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The Glosas Emilianenses (Spanish for "glosses of [the monastery of Saint] Millán/Emilianus") are glosses written in the 10th or 11th century to a 9th-century Latin codex. These marginalia are important as early examples of writing in a form of Romance similar to Spanish, and in Basque. The anonymous author is assumed to have been a monk at the monastery now known as Suso ("the upper one"), one of the twin monasteries of San Millán de la Cogolla (now in La Rioja, Spain, then in the Kingdom of Navarre). He wrote about a thousand years ago in three languages:
- A simplified version of Latin
- The medieval form of a Hispanic Romance language (traditionally regarded as Castilian or Old Spanish, but now most often classified as Navarro-Aragonese or a related dialect);
- Medieval Basque
The Glosses were formerly considered to include the first instances of early Spanish. However, in November 2010, the Real Academia Española declared that the first appearances of written Spanish can be found in the Cartularies of Valpuesta, medieval documents in Latin from the province of Burgos.
Location of the glosses
The codex is known as Aemilianensis 60 (Aemilianus is Latin for Emilian, "Millán" or "Emiliano" in modern Spanish) and was preserved in the monastery library at Yuso (the lower re-foundation of the monastery). Its significance was recognised in the early twentieth century when it was brought to the attention of the philologist Ramón Menéndez Pidal. The manuscript's current location since 1951 is the Real Academia de la Historia in Madrid. The original place where it was produced is uncertain (M. C. Díaz y Díaz proposes the Pyrenees) but it is often assumed to be San Millán.
Some of the marginalia are grammar notes, others are additions and others, glosses. There is still some debate as to whether the Iberian Romance language of the glosses should be classed as an early form of Castilian or of Aragonese, although some recent studies show that most features belong indeed to the latter. It is not the only text to be difficult to classify: other texts traditionally assumed to be in Old Spanish, like the Kharjas, are proved to be in a different medieval Romance, Mozarabic, which happens to be classified along with Aragonese in a Pyrenean-Mozarabic group. Some scholars have proposed that it is anachronistic to classify such varieties of Ibero-Romance according to dialectal labels based on geographical particularism before the thirteenth century, leaving the Glosas to be understood as "in an unspecialized informal register of Ibero-Romance".
However, should the Romance language of the glosses be classified, San Millán de la Cogolla's former reputation as the "birthplace of the Spanish language" was important in its designation as a World Heritage Site ("cultural" type) in 1997.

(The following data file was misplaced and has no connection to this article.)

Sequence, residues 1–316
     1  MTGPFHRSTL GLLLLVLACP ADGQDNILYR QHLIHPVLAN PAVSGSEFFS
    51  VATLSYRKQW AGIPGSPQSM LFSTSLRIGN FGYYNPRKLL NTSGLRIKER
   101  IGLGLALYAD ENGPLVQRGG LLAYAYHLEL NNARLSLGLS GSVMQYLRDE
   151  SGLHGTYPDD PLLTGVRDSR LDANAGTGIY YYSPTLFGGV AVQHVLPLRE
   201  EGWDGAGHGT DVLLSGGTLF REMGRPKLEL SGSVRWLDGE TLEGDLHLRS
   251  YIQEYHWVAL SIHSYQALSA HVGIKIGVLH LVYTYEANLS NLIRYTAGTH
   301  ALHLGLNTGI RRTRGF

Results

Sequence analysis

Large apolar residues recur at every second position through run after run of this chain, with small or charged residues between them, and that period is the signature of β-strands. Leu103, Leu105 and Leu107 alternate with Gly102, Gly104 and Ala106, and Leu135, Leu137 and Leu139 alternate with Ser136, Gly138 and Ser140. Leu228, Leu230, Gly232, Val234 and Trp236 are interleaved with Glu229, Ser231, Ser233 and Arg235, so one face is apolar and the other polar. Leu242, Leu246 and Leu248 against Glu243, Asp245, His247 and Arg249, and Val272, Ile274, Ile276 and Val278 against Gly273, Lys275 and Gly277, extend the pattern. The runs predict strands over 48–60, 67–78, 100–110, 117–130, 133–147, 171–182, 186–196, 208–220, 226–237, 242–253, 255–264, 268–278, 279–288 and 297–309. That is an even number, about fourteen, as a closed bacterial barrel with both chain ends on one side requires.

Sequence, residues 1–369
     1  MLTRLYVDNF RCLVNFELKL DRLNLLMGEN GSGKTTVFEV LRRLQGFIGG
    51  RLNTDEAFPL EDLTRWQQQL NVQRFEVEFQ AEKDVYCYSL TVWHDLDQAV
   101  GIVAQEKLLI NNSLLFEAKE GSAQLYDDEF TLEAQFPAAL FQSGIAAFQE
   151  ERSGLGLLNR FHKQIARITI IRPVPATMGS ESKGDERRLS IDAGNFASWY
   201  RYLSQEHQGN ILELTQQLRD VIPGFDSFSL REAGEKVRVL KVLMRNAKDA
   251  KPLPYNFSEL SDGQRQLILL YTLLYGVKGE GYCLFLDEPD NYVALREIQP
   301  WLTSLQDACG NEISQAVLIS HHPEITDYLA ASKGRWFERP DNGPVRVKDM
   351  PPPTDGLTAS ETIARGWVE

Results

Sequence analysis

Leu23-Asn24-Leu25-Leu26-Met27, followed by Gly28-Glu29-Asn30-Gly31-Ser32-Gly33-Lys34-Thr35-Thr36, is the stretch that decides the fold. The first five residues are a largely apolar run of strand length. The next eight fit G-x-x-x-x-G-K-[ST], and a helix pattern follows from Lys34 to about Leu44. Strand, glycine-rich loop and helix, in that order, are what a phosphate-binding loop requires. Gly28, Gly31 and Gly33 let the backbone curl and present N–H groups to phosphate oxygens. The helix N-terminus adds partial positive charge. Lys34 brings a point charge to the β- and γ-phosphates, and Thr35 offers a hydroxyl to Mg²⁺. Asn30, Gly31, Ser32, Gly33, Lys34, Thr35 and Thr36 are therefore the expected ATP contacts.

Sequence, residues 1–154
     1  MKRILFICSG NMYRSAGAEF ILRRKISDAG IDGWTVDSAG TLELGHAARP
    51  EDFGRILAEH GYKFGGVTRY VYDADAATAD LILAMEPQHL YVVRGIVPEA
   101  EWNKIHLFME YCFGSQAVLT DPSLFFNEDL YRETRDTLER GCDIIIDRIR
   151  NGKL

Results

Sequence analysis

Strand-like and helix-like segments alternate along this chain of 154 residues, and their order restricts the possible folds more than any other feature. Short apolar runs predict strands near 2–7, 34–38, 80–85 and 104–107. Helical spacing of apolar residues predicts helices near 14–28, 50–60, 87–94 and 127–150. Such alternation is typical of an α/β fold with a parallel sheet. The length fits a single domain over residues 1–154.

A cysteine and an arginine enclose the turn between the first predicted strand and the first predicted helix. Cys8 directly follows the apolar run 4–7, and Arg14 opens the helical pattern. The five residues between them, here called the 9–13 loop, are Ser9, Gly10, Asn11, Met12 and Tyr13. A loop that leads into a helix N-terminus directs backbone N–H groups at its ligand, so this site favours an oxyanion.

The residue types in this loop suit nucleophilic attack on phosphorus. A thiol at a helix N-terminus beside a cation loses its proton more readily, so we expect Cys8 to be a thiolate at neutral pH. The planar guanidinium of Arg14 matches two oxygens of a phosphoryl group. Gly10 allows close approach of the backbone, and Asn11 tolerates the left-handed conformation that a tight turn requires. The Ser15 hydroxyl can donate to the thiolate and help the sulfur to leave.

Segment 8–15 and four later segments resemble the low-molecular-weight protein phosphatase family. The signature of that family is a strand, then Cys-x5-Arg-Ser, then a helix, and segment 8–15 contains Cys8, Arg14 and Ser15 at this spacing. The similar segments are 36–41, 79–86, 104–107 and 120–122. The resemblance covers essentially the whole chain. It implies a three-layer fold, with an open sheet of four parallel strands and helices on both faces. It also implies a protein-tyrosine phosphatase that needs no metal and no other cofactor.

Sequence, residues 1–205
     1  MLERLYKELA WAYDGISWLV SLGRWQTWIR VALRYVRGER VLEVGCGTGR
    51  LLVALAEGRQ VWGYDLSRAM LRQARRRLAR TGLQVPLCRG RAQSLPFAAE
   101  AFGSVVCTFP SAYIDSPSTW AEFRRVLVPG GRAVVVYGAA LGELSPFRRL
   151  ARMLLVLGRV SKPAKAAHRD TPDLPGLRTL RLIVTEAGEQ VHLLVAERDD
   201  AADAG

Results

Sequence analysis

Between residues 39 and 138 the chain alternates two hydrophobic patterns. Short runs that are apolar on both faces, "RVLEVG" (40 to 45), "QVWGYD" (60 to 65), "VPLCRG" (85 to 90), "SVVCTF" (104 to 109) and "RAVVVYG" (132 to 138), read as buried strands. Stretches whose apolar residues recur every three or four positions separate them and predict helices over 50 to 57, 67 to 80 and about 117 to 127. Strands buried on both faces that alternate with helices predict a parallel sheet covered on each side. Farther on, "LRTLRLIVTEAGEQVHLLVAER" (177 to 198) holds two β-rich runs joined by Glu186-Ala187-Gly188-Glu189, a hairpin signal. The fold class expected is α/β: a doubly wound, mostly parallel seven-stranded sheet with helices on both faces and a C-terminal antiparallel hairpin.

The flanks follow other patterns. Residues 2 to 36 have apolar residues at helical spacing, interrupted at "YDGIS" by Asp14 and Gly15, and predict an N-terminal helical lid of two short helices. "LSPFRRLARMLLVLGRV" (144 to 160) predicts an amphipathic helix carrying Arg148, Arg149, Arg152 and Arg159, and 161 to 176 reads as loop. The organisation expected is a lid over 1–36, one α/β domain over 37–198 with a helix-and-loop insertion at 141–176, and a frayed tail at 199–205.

Text and translation
The longest gloss appears on page 72 of the manuscripts. The Spanish philologist Dámaso Alonso called this little prayer the "first cry of the Spanish language" (in Spanish: "el primer vagido de la lengua española").
Old text (some of the paleographic abbreviations cannot be rendered properly in Unicode)
Con o aiutorio de nuestro
dueno dueno χρο, dueno
ſalbatore, qual dueno
yet ena honore et qual
duenno tienet ela
mandatione con o
patre con o ſpu ſco
en oſ ſieculoſ de lo ſiecu
loſ. facanoſ dſ ompeſ
tal serbitio fere ke
denante ela sua face
gaudioſo ſeyamuſ. Amen.
With the help of our
lord Lord Christ, Lord
who is in honor,
Lord that has
the Father, with the Holy Spirit
for ever and ever.
God Omnipotent, make us
do such a service that
before His face
joyful we are. Amen.
Comparison of some words used in the glosses, along with their current corresponding forms in Aragonese, Spanish and Latin language. English translation provided.
|Glosses||Aragonese||Spanish||Latin||Translation to English|
|de loſ (delo)||de los, d’os||de los||< DE ILLOS||of the (masculine, plural article)|
|ela||a, l’||la||< ILLA||the (feminine, singular article)|
|ena, enoſ||en a, en os||en la, en los||< IN ILLAM, IN ILLOS||in the (feminine, singular and masculine, plural articles)|
|fere||fer||hacer||< FACERE||to make|
|ſieculoſ||sieglos||(sieglos >) siglos||< SAECULU||centuries|
|yet||ye||es||< EST||is (3rd person, singular, verb "to be")|
Aemilianensis 60 has been publicized as the earliest known codex with inscriptions in Basque, though other codices are posited.
Only two of the glosses in Aemilianensis 60 (of a total of about one thousand) are actually in Basque. These short texts (only 6 words in total) can be seen on the 1974 plaque. However, it has been suggested that some of the Romance glosses reflect the influence of the Basque language, the implication being that their author was a fluent Basque-speaker.
- Ruiz, Elisa (2001). "Glosas Emilianenses (Catálogo de la exposición Tesoros de la Real Academia de la Historia)". Real Academia de la Historia (in Spanish). Retrieved 6 April 2021.
- The vernacular language in the region is now Spanish, but there are still some Basque place-names nearby, e.g. Ezcaray.
- Vergaz, M. (2010). "La RAE avala que Burgos acoge las primeras palabras escritas en castellano" (in Spanish). El Mundo
- "Académicos de la RAE tildan de "revolucionario" el estudio de los cartularios de Valpuesta" (in Spanish). Diario de Burgos
- (in Spanish) Las glosas emilianenses otra vez, H.J.Wolf, Revista de Filología Románica, nº 14, vol.I 1997, pp. 597-604. Servicio de Publicaciones, Universidad Complutense, Madrid.
- Roger Wright, A Sociophilological Study of Late Latin, 242.
- Entry on the World Heritage website
- (in Spanish) Primer vagido de la lengua española Dámaso Alonso (retrieved from www.espanolsinfronteras.com)
- In Old Spanish this verb also appears in the forms far, fer y fazer (facer).
- (in Spanish) Glosas en vascuence article by Juan Ángel Nieto Viguera on the Basque glosses
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